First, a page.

Antibiotics is “one hell of a drug,” as the great musician Rick James would most likely comment. After suffering a “24 hour fever” the day before, English striker Bradley Wright-Phillips musingly credited the medication for his three goals in the New York Red Bulls’ 4-0 rout of the Houston Dynamo on Wednesday night in Red Bull Arena.
The result brings head coach Mike Petke’s team to a 2-2-4 record, which means New York reached the coveted .500 average Americans obsess about. The Englishman’s hat trick marks his fifth goal against Houston in four appearances and occurred after reports were confirmed that he missed the very last practice due to illness. Thierry Henry was the other goalscorer.
Starting lineup: Luis Robles; Kosuke Kimura, Jamison Olave, Ibrahim Sekagya, Roy Miller; Lloyd Sam, Peguy Luyindula, Dax McCarty, Eric Alexander; Thierry Henry, Bradley Wright-Phillips.
A high-octave, offensive attack from the opening whistle gave witness to the first goal in only the 12 minute. On the right sideline, Lloyd Sam cut inside and played a ball to Dax McCarty who strayed forward into a pocket of space. The defensive midfielder’s one-time outlet pass to Kosuke Kimura on the wing, gave the Japanese right back enough time to pick out Henry making a slicing run in-between the defense. With time and space in the box, the Frenchman’s driven cross picked out Wright-Phillips for a sliding finish past Dynamo goalkeeper, Tally Hall.
Approximately 10 minutes later, New York doubled their lead. Another Henry through ball split to Houston right back, Warren Creavalle, and found Roy Miller venturing forward. A smart decision to slide into the challenge allowed the Costa Rica left back to simultaneously knock out Creavalle and collect the ball in space. Wright-Phillips met his low cross at the near post with a perfect left-foot finish to the far-post.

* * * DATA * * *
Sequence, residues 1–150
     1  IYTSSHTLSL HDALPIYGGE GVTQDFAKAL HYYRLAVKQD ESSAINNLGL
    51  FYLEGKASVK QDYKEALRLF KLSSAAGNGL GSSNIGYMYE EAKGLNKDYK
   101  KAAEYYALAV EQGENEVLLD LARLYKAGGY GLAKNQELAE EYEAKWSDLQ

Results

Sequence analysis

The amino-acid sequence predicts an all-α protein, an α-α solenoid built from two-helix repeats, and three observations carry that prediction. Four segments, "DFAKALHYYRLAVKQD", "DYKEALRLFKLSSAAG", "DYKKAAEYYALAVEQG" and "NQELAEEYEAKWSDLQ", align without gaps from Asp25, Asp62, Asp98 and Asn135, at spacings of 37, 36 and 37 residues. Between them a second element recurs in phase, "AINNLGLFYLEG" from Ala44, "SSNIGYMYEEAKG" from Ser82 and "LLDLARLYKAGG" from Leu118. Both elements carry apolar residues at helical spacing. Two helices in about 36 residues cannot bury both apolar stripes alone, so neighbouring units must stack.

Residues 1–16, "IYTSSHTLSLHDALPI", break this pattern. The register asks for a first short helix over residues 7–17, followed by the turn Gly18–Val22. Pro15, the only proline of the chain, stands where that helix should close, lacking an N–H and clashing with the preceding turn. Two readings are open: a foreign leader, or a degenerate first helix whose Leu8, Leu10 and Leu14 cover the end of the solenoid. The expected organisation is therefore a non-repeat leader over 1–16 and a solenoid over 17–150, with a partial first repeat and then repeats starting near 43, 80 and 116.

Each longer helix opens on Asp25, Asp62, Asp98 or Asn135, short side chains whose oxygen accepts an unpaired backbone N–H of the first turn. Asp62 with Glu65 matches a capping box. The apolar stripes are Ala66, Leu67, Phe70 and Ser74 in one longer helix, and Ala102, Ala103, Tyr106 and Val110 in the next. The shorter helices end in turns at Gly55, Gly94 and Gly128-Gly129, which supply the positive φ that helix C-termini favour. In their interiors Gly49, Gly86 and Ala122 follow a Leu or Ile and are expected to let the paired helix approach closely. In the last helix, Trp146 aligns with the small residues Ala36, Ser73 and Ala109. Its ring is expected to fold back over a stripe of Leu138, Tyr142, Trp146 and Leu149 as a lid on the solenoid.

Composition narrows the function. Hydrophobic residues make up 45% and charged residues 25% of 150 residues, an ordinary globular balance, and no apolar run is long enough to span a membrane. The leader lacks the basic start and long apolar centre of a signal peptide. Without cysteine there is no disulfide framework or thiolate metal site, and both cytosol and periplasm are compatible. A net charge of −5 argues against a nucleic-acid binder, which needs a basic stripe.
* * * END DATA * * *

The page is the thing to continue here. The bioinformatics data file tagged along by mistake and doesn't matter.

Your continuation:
With a 54.4 percent possession advantage, the Red Bulls almost ended the contest in the 36 minute. Consistently dangerous on the night, Wright-Phillips nearly completed a first half hat-trick after crisp and clean combination between Eric Alexander and Henry on the left side of the 18. Henry’s quick return pass to the Englishman at the top of the box led to a hard near-post shot that Hall parried away.
Houston’s best opportunity came at the end of the first half. Positive play from forward Will Bruin on the right saw him cross to his partner Giles Barnes running toward the near-post. The ball deflected to an open Andrew Driver around the penalty spot, but his right-footed effort skied over the bar.
Despite the plentiful of attacking plays, New York was not without its mistakes on the defensive side. The first of many glaring mistakes from the back-line happened from the start of the second period. A giveaway straight from the Red Bulls’ kickoff found the feet of Barnes approximately 30 yards from goal. His through ball to Bruin inside the box, gave the striker a chance to shoot across goal, however it clipped Luis Robles’s, the star goalkeeper, right heel.
On the ensuing corner, Houston central defender, Jermaine Taylor, headed the ball across goal. Ricardo Clark redirected the ball on goal from six yards out. Luckily for New York, Kimura cleared a certain goal off the line.
Another New York mistake, this time by stalwart defender, Jamison Olave, gave Barnes a similar chance at goal in the 50 minute. Instead of passing to Bruin, he chose to shoot, which turned out to be a poor choice, as he shot wide.